The paramount chief on east side of the tiny island, the Ariki Kafika, was a proud pagan determined to maintain the indigenous fertility rituals, the work of the gods. But because the cooperation of all four chiefs was needed to proceed, he had to pursue a policy of subtle diplomacy with his rival, the nominally Christian Ariki Tafua. Firth himself navigated a delicate course of staying on good terms with both men, despite the rivalry.
We, The Tikopia is a grown-up book that engages a tough anthropological problem. The Tikopians explain and justify almost everything they do on the basis of their kinship with each other. From birth to death and everything in between — work, play, politics, property, marriage, and religion — Tikopian life is framed by the obligations and prohibitions of kinship. But what does “kinship” really mean? Anthropologists still debate that question and We, The Tikopia still stands as one of the deepest explorations of the topic.
We, The Tikopia was only the first of nine books Firth wrote about these islanders. As his official obituary in Anthropology News put it, those volumes may add up to “the greatest record of a nonliterate people” we have — or indeed that we likely ever to have. Firth went back to Tikopia in the 1950s and, among his later books, is an account of what happened after all the Tikopians became Christian.
A year ago, Bridget Basile, one of my graduate students, wrote to Sir Raymond to tell him on how much she and her classmates had gained from their study of his work. Firth wrote back expressing his surprise — and no doubt gratification — that his books were still being read. He had cause to be surprised. Anthropology these days rarely consists of selfless portraits of other peoples in their own worlds. Instead some contemporary anthropologists write about themselves, treating their private ruminations as more interesting than the lives of the people around them. Other anthropologists freely “interpret” the world around them and offer ethnographies that sail off into the imagination, leaving the humdrum natives back on the shore.
Firth saw all this coming. In the early 1970s, at the supposed end of his long career, his valedictory essay warned against anthropology turning its back on the core project of rational inquiry based on real people and plain facts. He scanned the horizon and saw the storm clouds that would bring anthropology’s own destructive typhoon.
No people are so remote that we cannot learn their language, or they ours. Cultural differences divide us no more than we want to be divided. Firth was of that now-vanished generation of scholars whose response to the discontinuities among human societies was to take careful note of the details and to trust that they would lead to a sensible explanation. He was a daylight anthropologist, unlike his often crepuscular successors. His books are not reveries on the themes of sex and death, but meetings with intelligent men and women, good and bad, getting on with the stuff of life. That is ground where we all can meet.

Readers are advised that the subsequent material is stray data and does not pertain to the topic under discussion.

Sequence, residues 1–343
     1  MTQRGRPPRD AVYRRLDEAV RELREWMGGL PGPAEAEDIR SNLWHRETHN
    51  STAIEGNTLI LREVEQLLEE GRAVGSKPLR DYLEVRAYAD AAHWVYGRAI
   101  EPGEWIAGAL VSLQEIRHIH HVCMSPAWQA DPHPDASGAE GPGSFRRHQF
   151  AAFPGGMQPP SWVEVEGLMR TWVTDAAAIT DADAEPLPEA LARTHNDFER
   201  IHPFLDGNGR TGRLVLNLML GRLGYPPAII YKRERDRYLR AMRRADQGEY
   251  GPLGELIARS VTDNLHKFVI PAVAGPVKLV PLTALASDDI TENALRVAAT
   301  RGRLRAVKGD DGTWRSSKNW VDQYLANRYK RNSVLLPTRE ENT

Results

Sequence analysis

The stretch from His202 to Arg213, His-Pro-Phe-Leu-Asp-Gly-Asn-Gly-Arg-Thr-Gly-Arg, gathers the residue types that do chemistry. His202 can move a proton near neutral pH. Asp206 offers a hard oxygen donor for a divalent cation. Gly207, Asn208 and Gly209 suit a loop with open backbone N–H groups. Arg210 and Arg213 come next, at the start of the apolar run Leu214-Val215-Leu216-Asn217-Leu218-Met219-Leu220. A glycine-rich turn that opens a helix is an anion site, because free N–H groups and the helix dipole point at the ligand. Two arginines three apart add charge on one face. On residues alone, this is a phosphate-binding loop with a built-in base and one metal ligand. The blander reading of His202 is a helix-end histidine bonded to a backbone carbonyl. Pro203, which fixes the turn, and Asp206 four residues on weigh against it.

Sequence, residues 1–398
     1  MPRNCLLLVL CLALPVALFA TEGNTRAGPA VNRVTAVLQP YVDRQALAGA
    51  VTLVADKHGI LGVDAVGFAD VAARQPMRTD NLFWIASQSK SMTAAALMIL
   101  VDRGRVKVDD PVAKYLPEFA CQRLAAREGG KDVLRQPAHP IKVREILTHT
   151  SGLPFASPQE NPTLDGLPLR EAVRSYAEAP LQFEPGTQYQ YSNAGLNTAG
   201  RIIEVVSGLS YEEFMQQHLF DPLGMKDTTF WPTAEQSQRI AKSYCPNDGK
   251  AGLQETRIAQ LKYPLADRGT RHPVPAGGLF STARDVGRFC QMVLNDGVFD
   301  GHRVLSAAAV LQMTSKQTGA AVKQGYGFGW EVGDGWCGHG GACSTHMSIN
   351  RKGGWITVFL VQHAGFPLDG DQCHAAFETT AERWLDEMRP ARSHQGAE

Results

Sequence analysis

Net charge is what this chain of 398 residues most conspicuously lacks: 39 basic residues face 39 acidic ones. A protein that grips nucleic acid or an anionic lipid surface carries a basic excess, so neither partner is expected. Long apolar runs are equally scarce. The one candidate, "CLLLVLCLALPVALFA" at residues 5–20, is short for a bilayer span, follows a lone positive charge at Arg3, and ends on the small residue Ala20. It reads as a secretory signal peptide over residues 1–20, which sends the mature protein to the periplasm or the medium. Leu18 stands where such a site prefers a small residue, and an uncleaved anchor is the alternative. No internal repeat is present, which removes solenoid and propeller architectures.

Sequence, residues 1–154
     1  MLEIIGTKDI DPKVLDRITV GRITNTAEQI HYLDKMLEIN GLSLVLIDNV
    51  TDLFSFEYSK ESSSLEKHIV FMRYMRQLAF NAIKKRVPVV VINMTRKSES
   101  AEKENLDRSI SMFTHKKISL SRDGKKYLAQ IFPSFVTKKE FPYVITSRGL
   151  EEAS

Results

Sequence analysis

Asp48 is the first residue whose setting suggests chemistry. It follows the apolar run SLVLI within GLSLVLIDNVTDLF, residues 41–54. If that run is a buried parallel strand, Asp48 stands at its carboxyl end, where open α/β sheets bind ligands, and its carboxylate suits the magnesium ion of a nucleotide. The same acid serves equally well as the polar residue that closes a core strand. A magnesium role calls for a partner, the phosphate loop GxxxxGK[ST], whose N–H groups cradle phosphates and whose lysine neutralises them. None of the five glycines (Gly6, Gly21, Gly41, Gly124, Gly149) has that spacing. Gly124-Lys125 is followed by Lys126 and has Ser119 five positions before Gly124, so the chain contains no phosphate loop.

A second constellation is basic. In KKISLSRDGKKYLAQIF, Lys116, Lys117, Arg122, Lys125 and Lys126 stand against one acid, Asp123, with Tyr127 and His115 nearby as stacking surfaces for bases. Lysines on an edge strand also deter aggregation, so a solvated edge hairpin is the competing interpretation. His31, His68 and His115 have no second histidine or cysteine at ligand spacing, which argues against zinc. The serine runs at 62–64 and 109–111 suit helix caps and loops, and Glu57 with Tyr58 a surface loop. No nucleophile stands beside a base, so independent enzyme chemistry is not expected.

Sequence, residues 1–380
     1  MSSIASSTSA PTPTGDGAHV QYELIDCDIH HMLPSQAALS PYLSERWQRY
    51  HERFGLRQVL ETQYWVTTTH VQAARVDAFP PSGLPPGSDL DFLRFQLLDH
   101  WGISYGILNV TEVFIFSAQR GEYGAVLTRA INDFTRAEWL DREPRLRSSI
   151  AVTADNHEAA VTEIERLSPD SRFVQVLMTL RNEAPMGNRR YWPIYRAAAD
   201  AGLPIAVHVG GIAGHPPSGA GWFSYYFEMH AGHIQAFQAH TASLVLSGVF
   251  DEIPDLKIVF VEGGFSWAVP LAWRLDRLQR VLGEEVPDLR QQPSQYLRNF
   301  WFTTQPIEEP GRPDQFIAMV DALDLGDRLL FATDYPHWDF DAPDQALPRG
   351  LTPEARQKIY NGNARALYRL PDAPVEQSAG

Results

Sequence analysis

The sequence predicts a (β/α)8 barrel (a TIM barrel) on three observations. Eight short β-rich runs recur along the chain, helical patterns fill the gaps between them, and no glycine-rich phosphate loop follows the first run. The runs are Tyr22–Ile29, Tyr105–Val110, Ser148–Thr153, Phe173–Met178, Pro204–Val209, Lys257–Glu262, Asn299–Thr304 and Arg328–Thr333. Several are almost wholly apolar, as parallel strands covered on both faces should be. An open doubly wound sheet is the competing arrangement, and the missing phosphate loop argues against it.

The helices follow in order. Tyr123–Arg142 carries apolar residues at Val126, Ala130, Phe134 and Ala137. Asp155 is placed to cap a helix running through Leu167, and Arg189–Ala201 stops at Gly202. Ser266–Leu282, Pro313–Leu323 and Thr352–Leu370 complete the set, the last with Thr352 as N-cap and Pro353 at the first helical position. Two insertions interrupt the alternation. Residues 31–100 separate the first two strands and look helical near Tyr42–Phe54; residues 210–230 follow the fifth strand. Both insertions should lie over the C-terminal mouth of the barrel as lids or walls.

Ships with emergency supplies are on their way to Tikopia and Anuta, and we can expect that these resourceful people, currently surviving on green coconuts, will soon begin to rebuild their battered lives. They would receive some emergency help in any case, but I don’t doubt that the outside world will come to the assistance of the Tikopians with an extra measure of urgency. All over the world there are people who have read Raymond Firth’s books and who feel some special connection — indeed some kinship — with the Tikopians.
That is what ethnography, at its best, can do. It opens our eyes to the profound human connections that are all too often blocked by time and distance and language and all those imponderables that sweep together as “cultural difference.” The most humanitarian among us may transcend these barriers on sheer goodwill, but most of us need a guide: Someone who has the patience, the breadth of spirit, and the fluency of speech to allow us to enter imaginatively into the lives of people living lives so unlike our own.
The Tikopians have once again weathered a terrible storm. Perhaps they still feeling the persecution of that angry Melanesian bishop who sent the typhoon in the 1920s. For all their afflictions, however, the Tikopians are fortunate in having had long ago as their friend, their guest, and their ethnographer, Raymond Firth.
— Peter Wood is a professor of anthropology at Boston University. He is the author of the forthcoming Diversity from Encounter Books.